But if there's any chance, I would like to try to get representation (or interest from rep) with the first 100 pages or so. Again, from the agent's point of view, that's definitely not ideal. So the question is this: If you are an unpublished writer who is writing a non-genre, stylistic kind of novel, is it wise to try to get an agent based on, let's say, 100-pages-to-half of the thing?

When I say "stylistic," I mean one could conceivably read part of it and get the "full" effect because it mainly does not depend on plot resolution. It is meant to be literary. When my 10th grade English teacher told us to write about the first 5 chapters of X literary work, she did not assume we couldn't because the plot is not done. Does that make sense?

But a general answer would be appreciated as well.

Thanks

popmuze
06-30-2005, 09:02 PM
As someone who is going through this situation, I can tell you the best thing to do is finish the book. Ironically, most agents and/or editors will then only want to read about 50 pages before returning it to you. So those fifty pages have to be great. If, however, they love the first 50 and want to read the rest, they won't sign you unless you can deliver it. I would suppose, if they do love the first 50 pages, they might be willing to work with you, if the remainder of the book falls short. But not if it isn't even written.
Beyond that, considering the business of getting published in general, you could get a lot of inaccurate and/or discouraging responses to the first 50 pages. It might take a year or more just to get a consensus. It would be too easy then to give up. By writing the whole book, at least you get to experience the creative process to its completion, which is probably the most fun you'll have even if the book winds up being published.

maestrowork
06-30-2005, 09:10 PM
Well, for one thing, I hate to write under pressure and deadlines. I mean, if I submitted the first 3, then the agent said, "Oh, I love it. When can I have the rest?" I don't think I would enjoy it, even if I could do it, to have to finish the ms. in a month!

MadScientistMatt
07-02-2005, 12:08 AM
Maybe he's talking about this page. The author of HowStuffWorks has several books published. However, according to HowStuffWorks, the site's author sold his book without an agent at all. It looks like he sold it directly to an editor at Wiley.

http://people.howstuffworks.com/hsw-book1.htm

He did sell it with a querry letter before writing a manuscript, but he already had a substantial website full of content that would be used in the book. So, in one way, he was already an established expert in that he had set up a highly successful web site which closely resembled the book.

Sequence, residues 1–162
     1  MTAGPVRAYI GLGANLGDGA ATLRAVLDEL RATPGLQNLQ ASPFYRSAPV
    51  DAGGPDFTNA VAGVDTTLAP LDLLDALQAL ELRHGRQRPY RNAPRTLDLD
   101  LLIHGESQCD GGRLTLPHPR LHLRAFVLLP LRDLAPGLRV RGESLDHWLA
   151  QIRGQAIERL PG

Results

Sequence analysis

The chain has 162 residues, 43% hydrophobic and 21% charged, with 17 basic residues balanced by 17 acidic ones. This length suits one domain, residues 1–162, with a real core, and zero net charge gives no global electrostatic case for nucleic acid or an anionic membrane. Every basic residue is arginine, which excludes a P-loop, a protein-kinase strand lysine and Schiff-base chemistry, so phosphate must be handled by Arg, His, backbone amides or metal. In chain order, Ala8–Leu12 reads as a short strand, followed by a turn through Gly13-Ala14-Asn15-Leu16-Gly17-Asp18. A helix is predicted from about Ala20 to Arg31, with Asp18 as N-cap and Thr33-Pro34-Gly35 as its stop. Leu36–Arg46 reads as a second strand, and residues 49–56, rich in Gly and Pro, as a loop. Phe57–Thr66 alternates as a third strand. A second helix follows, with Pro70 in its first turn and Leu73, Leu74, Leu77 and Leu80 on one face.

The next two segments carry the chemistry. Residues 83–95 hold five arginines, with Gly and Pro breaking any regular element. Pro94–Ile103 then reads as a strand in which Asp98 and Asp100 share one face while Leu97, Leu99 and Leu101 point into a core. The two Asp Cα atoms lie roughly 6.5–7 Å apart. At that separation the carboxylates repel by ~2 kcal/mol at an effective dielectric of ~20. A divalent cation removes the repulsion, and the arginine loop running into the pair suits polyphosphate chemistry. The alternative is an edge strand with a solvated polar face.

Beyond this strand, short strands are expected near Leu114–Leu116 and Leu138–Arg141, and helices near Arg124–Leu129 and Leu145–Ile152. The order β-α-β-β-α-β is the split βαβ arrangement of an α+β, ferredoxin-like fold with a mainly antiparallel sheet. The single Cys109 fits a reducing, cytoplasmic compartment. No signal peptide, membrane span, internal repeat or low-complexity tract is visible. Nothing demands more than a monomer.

Jamesaritchie
07-02-2005, 06:01 AM
If you're writing nonfiction, there's nothing wrong with contacting an agent firts. But she will still have to see the finsihed book before she will know how good or bad it is.

If you're writing novels, you have nothin to offer an agent until the book is finished. Any agent who will sign on a first time novelist before actually reading the novel is almost certainly an agent you don't want.

victoriastrauss
07-02-2005, 06:38 AM
If you're writing novels, you have nothin to offer an agent until the book is finished. Any agent who will sign on a first time novelist before actually reading the novel is almost certainly an agent you don't want.I agree. Part of what you have to prove as a first-time novelist is not just that you can write, but that you can finish. That's tougher than a lot of people think.

Nonfiction is frequently sold on the basis of a proposal and sample chapters. It's a whole different market.

- Victoria

FillerFight
07-02-2005, 08:55 PM
Part of what you have to prove as a first-time novelist is not just that you can write, but that you can finish.

That's a good point. There's something special about finishing.

I'm thinking of a spin-off thread about whether or not quality can be appreciated from an excerpt or if it has to be what the author considers a complete work... Definitely the quality of craft can be told from a paragraph, but what if the author meets that standard? He could keep an editor/agent going indefinitely on the quality of the writing. Theoretically speaking.

brinkett
07-02-2005, 09:19 PM
I'm thinking of a spin-off thread about whether or not quality can be appreciated from an excerpt
For a novel length work, I think the answer is no. Despite areas of brilliance, the novel might suck overall.

Cathy C
07-02-2005, 09:33 PM
Definitely the quality of craft can be told from a paragraph, but what if the author meets that standard? He could keep an editor/agent going indefinitely on the quality of the writing.


Ah, but while a paragraph might show exceptional skill in putting together sentences, it will NOT tell the editor/agent if you can:

*Write a story that makes sense and is entertaining.
*Create believable characters that a reader will care about
*Have a plot arc with subplots where all of them completely resolve.

In short, the ability to write quality sentences does not mean the writer can complete a publishable book.

victoriastrauss
07-03-2005, 12:27 AM
In short, the ability to write quality sentences does not mean the writer can complete a publishable book.Exactly. And a wonderful beginning does not guarantee a good ending. This is why, for a first-timer, agents and editors will want to carefully evaluate the entire novel. Generally speaking, if you're a new fiction writer and an agent or publisher makes you an offer on the basis of a partial, it should set off warning bells--it's quite possible the agent or publisher is inexperienced, or else has no interest in quality and just wants to charge you a fee. This isn't true 100% of the time (almost nothing is in this biz) but it's far more likely to be true than not.

- Victoria